By Matt Scuffham and Marc Jones
NEW YORK/LONDON (Reuters) – World shares cosied up close to record highs and the dollar and global bond yields nudged up on Wednesday, as traders waited to see if the U.S. Federal Reserve utters the dreaded ‘T’ word later – tapering of its mass stimulus programme.
The broad expectation is that it won’t want to unsettle markets for now, and with a packed day of corporate earnings, economic data and U.S. President Joe Biden’s first address before a joint Congress session, there was plenty to navigate.
MSCI’s broadest index of world shares was sidestepping towards its best month of the year so far.
The index, which tracks shares in 49 nations, rose 0.54 point, or 0.08 percent, to 706.08.
The Dow Jones Industrial Average fell 113 points, or 0.33%, to 33,871.93, the S&P 500 gained 5.3 points, or 0.13%, to 4,192.02 and the Nasdaq Composite dropped 23.69 points, or 0.17%, to 14,066.53.
The pan-European STOXX 600 index rose 0.11%
The dollar was on course for its first unbroken two-day run of gains of the month – April is currently set to be its cruellest month since last July.
Benchmark 10-year notes last fell 2/32 in price to yield 1.6289%, from 1.622% late on Tuesday.
“The thing that we are going to watch most closely is if the Fed says anything along the lines of tapering of asset purchases,” said Jim Caron, a senior portfolio manager at Morgan Stanley Investment Management.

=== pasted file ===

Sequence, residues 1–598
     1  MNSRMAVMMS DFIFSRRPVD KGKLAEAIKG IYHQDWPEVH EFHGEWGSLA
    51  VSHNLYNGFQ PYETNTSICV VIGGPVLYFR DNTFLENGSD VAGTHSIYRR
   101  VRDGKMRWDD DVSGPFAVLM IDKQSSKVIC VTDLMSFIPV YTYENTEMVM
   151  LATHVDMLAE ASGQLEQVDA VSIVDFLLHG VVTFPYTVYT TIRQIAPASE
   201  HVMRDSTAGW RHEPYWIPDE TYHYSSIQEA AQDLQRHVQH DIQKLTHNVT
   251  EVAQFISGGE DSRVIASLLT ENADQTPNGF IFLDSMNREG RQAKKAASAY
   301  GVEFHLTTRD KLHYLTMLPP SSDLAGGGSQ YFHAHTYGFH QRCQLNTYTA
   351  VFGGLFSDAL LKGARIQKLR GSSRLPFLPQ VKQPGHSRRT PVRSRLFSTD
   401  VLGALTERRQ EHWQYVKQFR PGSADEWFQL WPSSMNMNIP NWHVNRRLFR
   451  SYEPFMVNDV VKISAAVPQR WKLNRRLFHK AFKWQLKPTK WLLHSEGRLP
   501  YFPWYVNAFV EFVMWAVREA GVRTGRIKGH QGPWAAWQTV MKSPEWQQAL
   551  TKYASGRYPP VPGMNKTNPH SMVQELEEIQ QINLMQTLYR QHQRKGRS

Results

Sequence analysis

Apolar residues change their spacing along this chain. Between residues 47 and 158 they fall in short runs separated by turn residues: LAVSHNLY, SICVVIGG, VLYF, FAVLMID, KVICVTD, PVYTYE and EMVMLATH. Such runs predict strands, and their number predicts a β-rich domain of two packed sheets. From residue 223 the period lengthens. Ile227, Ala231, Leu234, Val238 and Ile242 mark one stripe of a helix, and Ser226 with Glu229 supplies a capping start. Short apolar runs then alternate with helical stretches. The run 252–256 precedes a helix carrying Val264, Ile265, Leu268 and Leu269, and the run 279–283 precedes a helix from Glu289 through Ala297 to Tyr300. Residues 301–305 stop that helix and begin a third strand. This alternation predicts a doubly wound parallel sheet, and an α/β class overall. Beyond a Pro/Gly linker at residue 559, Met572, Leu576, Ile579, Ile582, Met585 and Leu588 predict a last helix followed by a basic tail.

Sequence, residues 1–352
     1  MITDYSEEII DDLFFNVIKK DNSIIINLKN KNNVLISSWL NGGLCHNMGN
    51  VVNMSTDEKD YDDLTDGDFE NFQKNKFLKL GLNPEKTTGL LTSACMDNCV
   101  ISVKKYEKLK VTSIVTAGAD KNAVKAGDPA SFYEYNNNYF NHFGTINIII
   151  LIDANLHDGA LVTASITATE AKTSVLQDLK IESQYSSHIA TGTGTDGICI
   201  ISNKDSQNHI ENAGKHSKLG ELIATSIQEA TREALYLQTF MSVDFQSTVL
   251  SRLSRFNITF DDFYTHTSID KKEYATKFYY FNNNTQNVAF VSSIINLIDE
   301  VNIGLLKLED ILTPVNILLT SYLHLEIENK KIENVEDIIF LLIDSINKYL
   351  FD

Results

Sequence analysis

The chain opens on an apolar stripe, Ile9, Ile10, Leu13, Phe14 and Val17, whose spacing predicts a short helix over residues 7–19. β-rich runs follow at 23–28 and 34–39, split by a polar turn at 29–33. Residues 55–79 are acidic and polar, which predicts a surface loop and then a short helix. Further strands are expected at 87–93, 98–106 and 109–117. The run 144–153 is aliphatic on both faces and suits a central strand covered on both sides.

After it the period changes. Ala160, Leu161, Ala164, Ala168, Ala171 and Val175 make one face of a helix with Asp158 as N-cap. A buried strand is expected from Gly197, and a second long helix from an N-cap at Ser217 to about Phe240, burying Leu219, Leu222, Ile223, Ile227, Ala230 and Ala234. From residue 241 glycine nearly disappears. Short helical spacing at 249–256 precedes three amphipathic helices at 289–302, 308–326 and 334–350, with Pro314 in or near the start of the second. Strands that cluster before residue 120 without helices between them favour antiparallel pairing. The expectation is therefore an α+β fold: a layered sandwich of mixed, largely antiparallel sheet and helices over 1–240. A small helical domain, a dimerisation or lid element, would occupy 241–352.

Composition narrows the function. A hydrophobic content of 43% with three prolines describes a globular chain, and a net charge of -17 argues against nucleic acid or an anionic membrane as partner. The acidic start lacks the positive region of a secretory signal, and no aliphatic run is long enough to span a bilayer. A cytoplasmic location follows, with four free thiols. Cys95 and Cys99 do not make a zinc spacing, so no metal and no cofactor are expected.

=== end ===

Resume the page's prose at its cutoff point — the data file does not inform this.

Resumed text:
“As long that doesn’t get mentioned, we are all good,” he said, explaining that with the coronavirus pandemic still worsening in many parts of the world, investors would view any move towards tapering as premature.
Most Fed watchers expect Chairman Jerome Powell to repeat the bank’s recent message that its low interest rates and support programmes will remain in place for a long time yet.
Biden will also address Congress and is likely to underscore his administration’s plans for infrastructure and stimulus spending.
These developments would normally be positive for stocks, but analysts say so much economic optimism is already priced into the equity market that it is difficult to budge equities from current levels.
Otherwise, Europe’s traders were waiting to hear from ECB President Christine Lagarde and other top policymakers. Economic data releases showed an unexpected drop in Germany’s GfK consumer confidence reading for May though an equivalent in France at least stayed steady for April.
For a graphic on Global markets in April and year to date:
U.S. earnings later include tech and internet giants Apple, Facebook and Qualcomm, as well as Ford. [.N]
Facebook is expected to report a revenue rise due to online advertising demand during the COVID pandemic, while Apple is expected to post a more than 32% jump in revenue, driven by 5G phone demand.
There was a mixed bag of earnings from Tesla, 3M, Microsoft, and Google-parent Alphabet on Tuesday.
In the FX markets, the dollar index rose 0.144%, with the euro down 0.21% to $1.2065.
As well as the rise in Treasury yields helping the dollar higher, break-even rates on 10-year Treasury Inflation-Protected Securities, a measure of expected annual inflation for the coming decade, rose to 2.41%, the highest since 2013.
In the cryptocurrency market there was excitement as the European Investment Bank said it would sell a two-year digital bond worth 100 million euros ($120 million) on the ethereum blockchain network.
Rival cryptocurrency Bitcoin fell 0.6%.
In commodities, spot gold dropped 0.4% to $1,769.84 an ounce. U.S. gold futures fell 0.72% to $1,765.20 an ounce.
($1 = 0.8278 euros)
(Editing by Kirsten Donovan and Steve Orlofsky)